The Impact v Effort Matrix can be used to prioritize and plan the development of new features or enhancements for a product. It helps to identify which features will have the greatest impact on the product’s success, while also taking into account the effort required to implement them.
1. Identify Features: Identify the features or enhancements that are being considered for development.
2. X-Axis Plotting: On the x-axis of a matrix, plot the effort required to implement each feature.
3: Y-Axis Plotting: On the y-axis, plot the potential impact of each feature on the product’s success.
Note: Label one end of each axis as ‘low’ and the other as ‘high,’ then divide the graph into four sections to create four quadrants.
These are tasks or projects that will have a significant impact but require minimal effort to complete. These are often considered the “low-hanging fruit” and should be prioritized.
These are tasks or projects that will have a minimal impact and require minimal effort. These are often considered “nice-to-haves” and may not be worth pursuing.
These are tasks or projects that will have a significant impact but require a significant amount of effort to complete. These are often considered “big bets” and should be carefully considered before committing resources to them.
These are tasks or projects that will have a minimal impact and require a significant amount of effort. These are often considered “not worth it” and should be avoided.
A product manager should use the Impact v Effort Matrix to make data-driven decisions about the development of their product. It helps to ensure that limited resources are being used effectively, and that the most impactful features are being developed first. This can lead to a more successful product that better meets the needs of its users.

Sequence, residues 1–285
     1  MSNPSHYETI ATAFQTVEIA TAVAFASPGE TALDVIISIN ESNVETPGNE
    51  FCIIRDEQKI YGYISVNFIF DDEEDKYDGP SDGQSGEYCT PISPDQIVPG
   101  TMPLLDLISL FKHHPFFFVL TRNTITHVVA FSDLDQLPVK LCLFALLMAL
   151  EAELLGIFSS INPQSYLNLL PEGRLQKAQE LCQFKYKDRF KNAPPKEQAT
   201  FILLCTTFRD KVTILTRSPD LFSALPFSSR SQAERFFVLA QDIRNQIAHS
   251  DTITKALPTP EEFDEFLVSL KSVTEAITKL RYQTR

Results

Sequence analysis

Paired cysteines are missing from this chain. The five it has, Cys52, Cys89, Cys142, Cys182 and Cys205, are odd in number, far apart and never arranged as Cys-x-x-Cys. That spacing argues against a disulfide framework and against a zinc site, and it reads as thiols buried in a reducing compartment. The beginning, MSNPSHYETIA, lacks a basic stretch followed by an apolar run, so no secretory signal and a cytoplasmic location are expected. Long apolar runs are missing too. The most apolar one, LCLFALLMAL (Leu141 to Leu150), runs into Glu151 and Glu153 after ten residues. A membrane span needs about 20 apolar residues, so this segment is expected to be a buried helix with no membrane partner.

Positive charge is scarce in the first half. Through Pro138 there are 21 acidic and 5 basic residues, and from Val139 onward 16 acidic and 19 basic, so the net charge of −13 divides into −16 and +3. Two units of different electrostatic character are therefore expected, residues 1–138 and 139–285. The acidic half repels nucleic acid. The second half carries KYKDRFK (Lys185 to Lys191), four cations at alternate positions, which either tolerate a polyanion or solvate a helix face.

The calculation methods can vary depending on the context, and it is important to use a method that makes sense for the specific task or project being evaluated. However, some general guidelines for calculating impact and effort.
The impact of a task or project can be measured in various ways, such as financial impact, customer satisfaction, employee engagement, and so on. The important thing is to choose a method that makes sense for the specific task or project being evaluated and to be consistent in the method used.
Effort can be measured in terms of time, resources, and personnel required to complete the task or project. Some common methods of measuring effort include counting the number of man-hours required, the number of resources required, or the number of personnel required.
A company is developing a new mobile app and is considering adding several new features. After conducting user research, the product manager has identified the following features and their potential impact and effort:
Using the Impact v Effort Matrix as a framework, the product manager can choose a metric, like the cost to develop, or customer satisfaction, and start plotting these features on the chart.
In this example, we can see that development of the push notifications and social sharing should be prioritized first as they are high-impact and low-effort. In-app purchases would be the next priority as they are high-impact and high-effort, and customizable backgrounds would be given lower priority as they are low-impact and low-effort.